Food insecurity like we’ve never seen Food shelves across Minnesota and the country are fighting…
By PAMELA THOMPSON email@example.com, Northfield News
Dec 5, 2022 Updated Dec 7, 2022
The Minnesota Association of Community Education recently recognized the new satellite food shelf operated by the Northfield Community Action Center that is located at the Northfield Community Education Center, NCEC, with a statewide project award.
Opened in September 2021, the NCEC Food Shelf has distributed more than 63,000 pounds of food to families living in more than 350 different households, over the course of 2,000 visits, said Michael Pursell, food access program director at CAC in Northfield.
“It’s great to be recognized,” said Pursell. “A lot of people worked hard to create the new food access for families living on the northside of Northfield.”
Erin Bailey, director of Community Education at Northfield Schools, nominated the CAC’s satellite food shelf for the award. Bob Lawrence, a board member of the Minnesota Association of Community Education, MNACE, was at last week’s Northfield School Board meeting to present the award. Anika Rychner, senior director at CAC, also attended the award presentation.
“It’s an honor to be recognized for a project involving such a unique collaborative effort,” said Rychner.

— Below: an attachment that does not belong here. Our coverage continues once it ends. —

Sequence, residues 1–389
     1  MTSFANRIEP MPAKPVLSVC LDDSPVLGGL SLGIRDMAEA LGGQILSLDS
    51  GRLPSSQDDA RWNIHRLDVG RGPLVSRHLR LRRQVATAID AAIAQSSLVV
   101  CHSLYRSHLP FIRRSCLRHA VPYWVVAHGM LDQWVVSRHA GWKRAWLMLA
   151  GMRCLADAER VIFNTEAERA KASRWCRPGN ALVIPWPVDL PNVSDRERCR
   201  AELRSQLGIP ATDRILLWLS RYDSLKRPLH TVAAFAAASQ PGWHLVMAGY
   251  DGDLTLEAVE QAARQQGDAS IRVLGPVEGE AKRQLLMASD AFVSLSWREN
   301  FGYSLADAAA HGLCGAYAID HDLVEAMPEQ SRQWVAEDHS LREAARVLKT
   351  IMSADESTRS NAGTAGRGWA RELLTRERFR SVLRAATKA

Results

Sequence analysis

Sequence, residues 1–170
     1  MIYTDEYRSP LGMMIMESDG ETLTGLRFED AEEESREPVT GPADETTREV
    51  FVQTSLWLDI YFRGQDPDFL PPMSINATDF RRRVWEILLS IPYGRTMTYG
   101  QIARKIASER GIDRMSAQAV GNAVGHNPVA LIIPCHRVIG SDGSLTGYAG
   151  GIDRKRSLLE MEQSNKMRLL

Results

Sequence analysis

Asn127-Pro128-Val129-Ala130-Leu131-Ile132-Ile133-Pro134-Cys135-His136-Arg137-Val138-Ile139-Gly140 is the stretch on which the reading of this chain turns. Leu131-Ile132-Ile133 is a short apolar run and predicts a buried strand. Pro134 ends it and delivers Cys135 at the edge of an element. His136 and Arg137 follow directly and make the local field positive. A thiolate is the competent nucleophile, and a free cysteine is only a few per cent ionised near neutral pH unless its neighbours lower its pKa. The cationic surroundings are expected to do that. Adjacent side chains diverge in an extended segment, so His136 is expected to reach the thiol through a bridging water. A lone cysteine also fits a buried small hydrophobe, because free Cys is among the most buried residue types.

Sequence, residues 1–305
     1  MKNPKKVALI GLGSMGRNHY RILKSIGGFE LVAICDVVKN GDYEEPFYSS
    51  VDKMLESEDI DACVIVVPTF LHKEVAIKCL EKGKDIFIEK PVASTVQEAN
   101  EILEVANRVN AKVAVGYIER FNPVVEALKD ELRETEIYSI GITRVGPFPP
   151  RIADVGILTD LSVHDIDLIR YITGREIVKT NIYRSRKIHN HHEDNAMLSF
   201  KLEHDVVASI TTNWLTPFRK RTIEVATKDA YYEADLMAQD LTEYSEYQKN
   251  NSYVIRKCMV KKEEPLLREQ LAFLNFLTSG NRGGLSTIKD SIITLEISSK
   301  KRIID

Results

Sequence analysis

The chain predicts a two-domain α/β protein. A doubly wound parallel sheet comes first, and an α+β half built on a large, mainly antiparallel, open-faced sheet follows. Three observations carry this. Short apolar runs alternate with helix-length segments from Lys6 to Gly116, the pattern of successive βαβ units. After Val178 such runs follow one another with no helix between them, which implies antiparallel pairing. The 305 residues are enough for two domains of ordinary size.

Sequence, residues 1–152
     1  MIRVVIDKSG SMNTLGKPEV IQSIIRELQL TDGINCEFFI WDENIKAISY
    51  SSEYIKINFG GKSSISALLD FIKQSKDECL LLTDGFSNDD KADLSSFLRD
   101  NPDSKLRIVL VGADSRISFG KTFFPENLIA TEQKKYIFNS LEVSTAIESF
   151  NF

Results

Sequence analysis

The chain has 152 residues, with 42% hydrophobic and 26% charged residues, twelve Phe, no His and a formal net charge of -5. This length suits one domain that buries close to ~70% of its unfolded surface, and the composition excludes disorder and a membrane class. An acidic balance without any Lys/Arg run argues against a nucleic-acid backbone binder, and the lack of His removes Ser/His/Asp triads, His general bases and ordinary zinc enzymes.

Rychner said she credits the partnership with Carleton College.
The annual award also recognized the many partnerships involved in the NCEC Food Shelf, including the many student volunteers from Carleton College who help stock and distribute food at the food shelf. Erica Sweifel, assistant director of Community Impact for Community and Civic Engagement at Carleton College, was also on hand to accept the award.
Sweifel heads up the food rescue program at Carleton that was started in 2018 to recover unused food from the college cafeteria for distribution in the community. Today, Carleton’s food rescue program has expanded to include a team of student volunteers who drive college vans three days a week to pick up unused food from area retailers Cub Foods, Target, Aldi and Quiktrip. That food is then sorted and displayed on shelves at the food shelf.
“This rescue service saves about about 8,000 pounds of food a week that would otherwise be going to the landfill,” said Rychner.
Pursell estimates that about a dozen community members and Carleton students volunteer at the CAC NCEC food shelf each week. All Carleton students, who greet shoppers at the northside food shelf located in the old teacher’s lounge at NCEC, are bilingual in English and Spanish.
“I love what Dr. Hillmann said when he talked about how special a project like this is when community-based systems can come together to do amazing things,” she said.